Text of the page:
Bathroom | | | | |
Your New Bathroom Design
Oh the Luxury of a Bathroom Hot Tub or Spa
Fighting the Clogged Bathroom Drain
Ideas for Sprucing Up the Bathroom
Replacing the Toilet
Easy Guide to Bathroom Tile
Giving Your Sink a Facelift
Toilet Basics - Flush Tank
Bathroom Hot Tubs and Spas

Replacing the Toilet

Let's face it: Most people don't enjoy being the bathroom. Even fewer enjoy working in the bathroom, whether to clean or fix something. And of course, the worst of all is cleaning or replacing the toilet. But both need to be done from time to time. When you
find it necessary to replace the toilet, stop procrastinating and follow these few tips. They will help you get the job done with as few headaches as possible, and help you save money on the project as well.

Before you get started, and rip out the old toilet, you need to pick out what new toilet you want. In selecting a new one, you want first of all to make sure you get one that is the right size. The standard distance from the wall to the sewer drain is 12 inches. If this is true of yours, most standard toilets will work. But you need to make sure the distance is not some unusual size, such as 10 or 14 inches. If so, this limits your choices a bit. Also, assess how big your bathroom is. An elongated toilet looks more contemporary and is more comfortable. But it really only works if you have a larger bathroom. If your bathroom is small, you can save space by going with a round toilet.

There are also different available for purchase. For instance, a two-piece toilet (one where the tank is bolted on the bowl's top) is friendlier to your billfold. Wall-mounted units, though, are more expensive, but it's easier to clean under and around them.

Now that you've got the toilet, switch off the water main's supply and empty the system by flushing. You may need to do this several times until the pipe work and the cistern are empty. Use a sponge to ensure all the water is removed from the bowl.

Next remove the wing nuts that hold the cistern and bowl together, they may need loosening with WD40 or similar.

Once this is done, the water line connections to the cistern tank and the wall need to be disconnected. Once that step is complete the tank can be removed from the bowl.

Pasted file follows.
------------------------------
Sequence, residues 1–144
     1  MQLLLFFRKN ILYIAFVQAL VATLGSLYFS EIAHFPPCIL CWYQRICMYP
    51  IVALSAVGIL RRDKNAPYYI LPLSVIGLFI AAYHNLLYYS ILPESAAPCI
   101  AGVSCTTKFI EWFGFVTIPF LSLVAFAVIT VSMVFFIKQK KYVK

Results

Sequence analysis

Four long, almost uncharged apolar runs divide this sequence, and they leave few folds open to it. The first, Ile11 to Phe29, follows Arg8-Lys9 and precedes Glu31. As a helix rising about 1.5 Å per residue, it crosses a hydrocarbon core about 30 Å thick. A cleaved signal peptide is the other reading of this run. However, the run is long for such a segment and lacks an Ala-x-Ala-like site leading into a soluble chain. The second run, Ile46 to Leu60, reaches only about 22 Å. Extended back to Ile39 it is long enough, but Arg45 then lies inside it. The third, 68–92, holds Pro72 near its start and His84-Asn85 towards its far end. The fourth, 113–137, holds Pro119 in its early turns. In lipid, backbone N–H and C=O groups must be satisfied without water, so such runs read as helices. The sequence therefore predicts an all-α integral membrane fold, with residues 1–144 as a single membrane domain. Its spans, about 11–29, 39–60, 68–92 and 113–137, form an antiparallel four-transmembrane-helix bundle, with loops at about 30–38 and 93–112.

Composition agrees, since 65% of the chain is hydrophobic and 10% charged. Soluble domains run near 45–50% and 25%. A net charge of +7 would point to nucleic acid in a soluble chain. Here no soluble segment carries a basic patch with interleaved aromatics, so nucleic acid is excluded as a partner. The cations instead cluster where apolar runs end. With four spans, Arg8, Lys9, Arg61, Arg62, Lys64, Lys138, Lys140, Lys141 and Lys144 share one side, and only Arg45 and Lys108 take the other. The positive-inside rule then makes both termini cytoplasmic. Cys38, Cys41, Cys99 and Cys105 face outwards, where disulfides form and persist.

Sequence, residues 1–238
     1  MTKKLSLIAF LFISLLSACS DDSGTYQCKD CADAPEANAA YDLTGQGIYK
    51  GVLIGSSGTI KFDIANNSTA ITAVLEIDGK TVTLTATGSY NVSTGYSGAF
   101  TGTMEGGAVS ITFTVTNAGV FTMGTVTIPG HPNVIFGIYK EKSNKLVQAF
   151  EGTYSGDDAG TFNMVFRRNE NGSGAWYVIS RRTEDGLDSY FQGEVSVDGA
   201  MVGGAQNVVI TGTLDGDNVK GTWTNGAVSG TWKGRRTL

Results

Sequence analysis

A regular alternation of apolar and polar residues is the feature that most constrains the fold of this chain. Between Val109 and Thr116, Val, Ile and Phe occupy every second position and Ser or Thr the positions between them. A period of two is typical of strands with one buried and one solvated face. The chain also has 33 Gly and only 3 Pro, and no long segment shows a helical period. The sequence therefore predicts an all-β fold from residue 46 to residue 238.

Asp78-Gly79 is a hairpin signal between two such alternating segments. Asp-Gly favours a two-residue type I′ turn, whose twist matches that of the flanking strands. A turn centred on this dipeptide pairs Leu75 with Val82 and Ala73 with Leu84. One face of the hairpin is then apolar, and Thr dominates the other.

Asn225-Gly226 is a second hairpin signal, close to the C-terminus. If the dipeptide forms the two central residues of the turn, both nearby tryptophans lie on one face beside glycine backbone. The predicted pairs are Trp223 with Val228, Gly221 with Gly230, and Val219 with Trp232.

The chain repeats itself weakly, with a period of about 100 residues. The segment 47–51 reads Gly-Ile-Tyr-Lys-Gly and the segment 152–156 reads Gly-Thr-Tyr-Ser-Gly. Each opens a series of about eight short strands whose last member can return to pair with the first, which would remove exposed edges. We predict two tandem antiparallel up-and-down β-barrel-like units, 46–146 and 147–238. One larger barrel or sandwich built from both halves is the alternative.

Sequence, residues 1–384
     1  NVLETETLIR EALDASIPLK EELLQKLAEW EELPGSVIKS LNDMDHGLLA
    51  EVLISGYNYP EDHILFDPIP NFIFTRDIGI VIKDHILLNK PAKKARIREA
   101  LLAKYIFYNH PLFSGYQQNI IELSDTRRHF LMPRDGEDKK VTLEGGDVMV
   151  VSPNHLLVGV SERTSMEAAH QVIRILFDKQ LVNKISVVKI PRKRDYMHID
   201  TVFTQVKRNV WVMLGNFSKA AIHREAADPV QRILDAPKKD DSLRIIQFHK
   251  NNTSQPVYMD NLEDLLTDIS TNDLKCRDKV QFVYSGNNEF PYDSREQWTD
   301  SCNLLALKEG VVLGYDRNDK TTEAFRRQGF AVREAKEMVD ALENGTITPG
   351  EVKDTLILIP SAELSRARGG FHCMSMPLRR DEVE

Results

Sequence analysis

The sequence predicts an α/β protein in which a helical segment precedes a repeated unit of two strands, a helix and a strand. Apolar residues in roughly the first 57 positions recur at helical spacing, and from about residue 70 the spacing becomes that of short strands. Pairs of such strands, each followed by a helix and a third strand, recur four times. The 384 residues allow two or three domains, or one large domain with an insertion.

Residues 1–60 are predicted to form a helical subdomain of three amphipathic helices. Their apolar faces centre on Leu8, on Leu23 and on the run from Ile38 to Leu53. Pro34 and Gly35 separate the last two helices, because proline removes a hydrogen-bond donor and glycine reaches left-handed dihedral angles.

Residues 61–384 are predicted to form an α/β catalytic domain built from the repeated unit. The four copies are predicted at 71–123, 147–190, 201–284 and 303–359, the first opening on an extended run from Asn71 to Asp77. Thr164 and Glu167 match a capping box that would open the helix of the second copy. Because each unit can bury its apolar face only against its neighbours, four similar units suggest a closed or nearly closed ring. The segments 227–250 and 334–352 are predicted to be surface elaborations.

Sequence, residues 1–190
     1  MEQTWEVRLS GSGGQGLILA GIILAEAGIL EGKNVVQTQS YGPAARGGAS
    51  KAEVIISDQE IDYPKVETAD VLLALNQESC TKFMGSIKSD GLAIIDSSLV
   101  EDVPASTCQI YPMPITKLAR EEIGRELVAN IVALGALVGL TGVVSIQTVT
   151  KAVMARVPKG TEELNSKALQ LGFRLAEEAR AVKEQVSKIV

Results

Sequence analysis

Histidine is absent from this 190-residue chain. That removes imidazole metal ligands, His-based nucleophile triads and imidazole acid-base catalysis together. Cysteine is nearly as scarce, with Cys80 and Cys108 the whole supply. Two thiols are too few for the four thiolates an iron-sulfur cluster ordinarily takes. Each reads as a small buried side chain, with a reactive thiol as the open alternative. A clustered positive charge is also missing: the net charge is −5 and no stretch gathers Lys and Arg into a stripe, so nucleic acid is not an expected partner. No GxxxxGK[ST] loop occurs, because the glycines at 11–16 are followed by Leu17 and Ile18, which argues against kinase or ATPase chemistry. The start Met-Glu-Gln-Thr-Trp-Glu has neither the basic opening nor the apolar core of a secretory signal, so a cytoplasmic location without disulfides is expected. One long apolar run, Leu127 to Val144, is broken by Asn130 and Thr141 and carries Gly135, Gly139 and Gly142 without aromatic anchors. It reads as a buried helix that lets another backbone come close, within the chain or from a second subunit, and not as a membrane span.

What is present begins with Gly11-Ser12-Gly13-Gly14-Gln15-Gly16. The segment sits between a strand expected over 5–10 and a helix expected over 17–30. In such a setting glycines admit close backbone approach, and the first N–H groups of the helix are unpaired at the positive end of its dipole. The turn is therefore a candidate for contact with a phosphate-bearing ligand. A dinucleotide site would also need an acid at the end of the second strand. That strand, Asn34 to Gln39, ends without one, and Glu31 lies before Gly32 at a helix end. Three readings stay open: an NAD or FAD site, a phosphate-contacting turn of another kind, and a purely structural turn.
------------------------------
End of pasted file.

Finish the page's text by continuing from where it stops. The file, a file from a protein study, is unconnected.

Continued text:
There are caps at the base of the toilet that also need to be removed. These too may be difficult due to corrosion and may need WD40 and pliers to prize them off. Removing the surrounding caulk at the base of the bowl with a utility knife will help too.

Now that the bowl can be lifted off the seal can be seen. To prevent leakage it is important that the correct wax seal is used. It is recommended to take the old seal to the hardware or home improvement store to be sure to purchase the correct one. Especially since some are designed with extensions for built up floors and others join back to back.

Creating a tight seal to make sure there are no leaks is vital. The seal is best a room temperature or slightly warmer. Once the seal is secured lift the new bowl back over the nuts and gently into position, rotating the bowl back and forth with create a good, snug fitting seal with no chance of leakage.

Next make sure the bowl is level with the wall and sits evenly. A level may help with this part of the process. The wing nuts for the bottom need replacing with the caps given a small smug of plumbers putty to keep them watertight. Add the tank, taking a few moments to inspect the spud washer. The wing nuts can now be replaced and the waterlines reconnected.

Once secure, the water can be turned back on and the toilet flushed several times to check for leaks and refilled. Apply more caulk around the base of the your new toilet to create a seal between it and the floor.

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